The control of the remote server blade chassis by the failover management module continues until commanded to cease (block 320), preferably by a signal from the originally failed management module indicating that the failed management module is once again operational. Alternatively, the backup control by the failover management module continues until instructed by a system administrator or a software management routine.
The present invention thus provides a reliable method and system for monitoring management modules for failure, and automatically providing a failover management module (reallocating another management module) to back up the failed management modules, preferably when all management modules in a server blade chassis fail contemporaneously.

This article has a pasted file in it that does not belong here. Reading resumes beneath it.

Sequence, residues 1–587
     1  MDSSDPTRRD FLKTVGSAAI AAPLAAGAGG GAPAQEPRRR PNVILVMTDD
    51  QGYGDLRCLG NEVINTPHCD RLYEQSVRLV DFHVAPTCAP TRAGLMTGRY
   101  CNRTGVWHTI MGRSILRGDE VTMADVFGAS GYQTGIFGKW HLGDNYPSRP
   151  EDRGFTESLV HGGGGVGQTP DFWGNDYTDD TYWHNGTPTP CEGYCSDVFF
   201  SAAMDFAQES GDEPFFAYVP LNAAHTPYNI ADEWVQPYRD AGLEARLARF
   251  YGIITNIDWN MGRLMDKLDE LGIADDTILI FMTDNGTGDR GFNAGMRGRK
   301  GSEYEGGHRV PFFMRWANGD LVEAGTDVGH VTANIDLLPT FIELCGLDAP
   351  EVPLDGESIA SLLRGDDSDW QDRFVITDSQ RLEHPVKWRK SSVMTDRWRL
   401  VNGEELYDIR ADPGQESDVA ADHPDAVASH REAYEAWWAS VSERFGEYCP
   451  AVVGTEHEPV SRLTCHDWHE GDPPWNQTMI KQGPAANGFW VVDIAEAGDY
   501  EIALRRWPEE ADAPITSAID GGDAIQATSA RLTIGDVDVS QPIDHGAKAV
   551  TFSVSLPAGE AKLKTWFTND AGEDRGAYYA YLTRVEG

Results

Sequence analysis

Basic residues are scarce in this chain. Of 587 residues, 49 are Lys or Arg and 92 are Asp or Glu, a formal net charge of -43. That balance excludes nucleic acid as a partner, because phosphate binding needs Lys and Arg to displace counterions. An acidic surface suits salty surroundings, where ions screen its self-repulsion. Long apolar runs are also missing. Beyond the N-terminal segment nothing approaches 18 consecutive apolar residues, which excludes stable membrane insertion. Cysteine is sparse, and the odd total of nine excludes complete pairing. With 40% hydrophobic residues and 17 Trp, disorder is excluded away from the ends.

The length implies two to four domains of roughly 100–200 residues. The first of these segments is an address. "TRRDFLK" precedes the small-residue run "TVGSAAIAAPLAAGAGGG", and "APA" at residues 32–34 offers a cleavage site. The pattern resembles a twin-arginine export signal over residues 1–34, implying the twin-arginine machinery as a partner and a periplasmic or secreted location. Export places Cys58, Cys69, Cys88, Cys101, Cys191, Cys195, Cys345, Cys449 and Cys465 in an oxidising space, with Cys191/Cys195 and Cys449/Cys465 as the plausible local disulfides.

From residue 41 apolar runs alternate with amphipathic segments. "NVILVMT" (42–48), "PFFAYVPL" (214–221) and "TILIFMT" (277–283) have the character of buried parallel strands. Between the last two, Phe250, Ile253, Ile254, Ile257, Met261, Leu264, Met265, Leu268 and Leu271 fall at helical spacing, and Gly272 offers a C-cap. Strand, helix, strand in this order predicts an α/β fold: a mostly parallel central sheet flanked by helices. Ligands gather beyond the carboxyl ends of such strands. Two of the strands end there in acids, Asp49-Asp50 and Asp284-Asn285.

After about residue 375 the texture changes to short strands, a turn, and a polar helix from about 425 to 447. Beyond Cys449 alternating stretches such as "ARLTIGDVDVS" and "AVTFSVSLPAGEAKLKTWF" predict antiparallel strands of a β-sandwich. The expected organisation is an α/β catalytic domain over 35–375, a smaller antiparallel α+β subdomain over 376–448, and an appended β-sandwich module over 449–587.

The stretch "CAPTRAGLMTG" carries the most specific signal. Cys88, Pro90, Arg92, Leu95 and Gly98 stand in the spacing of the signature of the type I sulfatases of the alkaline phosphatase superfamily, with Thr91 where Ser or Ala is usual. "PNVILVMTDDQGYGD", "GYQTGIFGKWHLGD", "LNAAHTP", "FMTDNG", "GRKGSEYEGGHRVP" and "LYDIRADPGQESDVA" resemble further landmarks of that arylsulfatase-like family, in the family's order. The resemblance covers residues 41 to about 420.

It should be understood that at least some aspects of the present invention may alternatively be implemented in a program product. Programs defining functions on the present invention can be delivered to a data storage system or a computer system via a variety of signal-bearing media, which include, without limitation, non-writable storage media (e.g., CD-ROM), writable storage media (e.g., a floppy diskette, hard disk drive, read/write CD ROM, optical media), and communication media, such as computer and telephone networks including Ethernet. It should be understood, therefore in such signal-bearing media when carrying or encoding computer readable instructions that direct method functions in the present invention, represent alternative embodiments of the present invention. Further, it is understood that the present invention may be implemented by a system having means in the form of hardware, software, or a combination of software and hardware as described herein or their equivalent.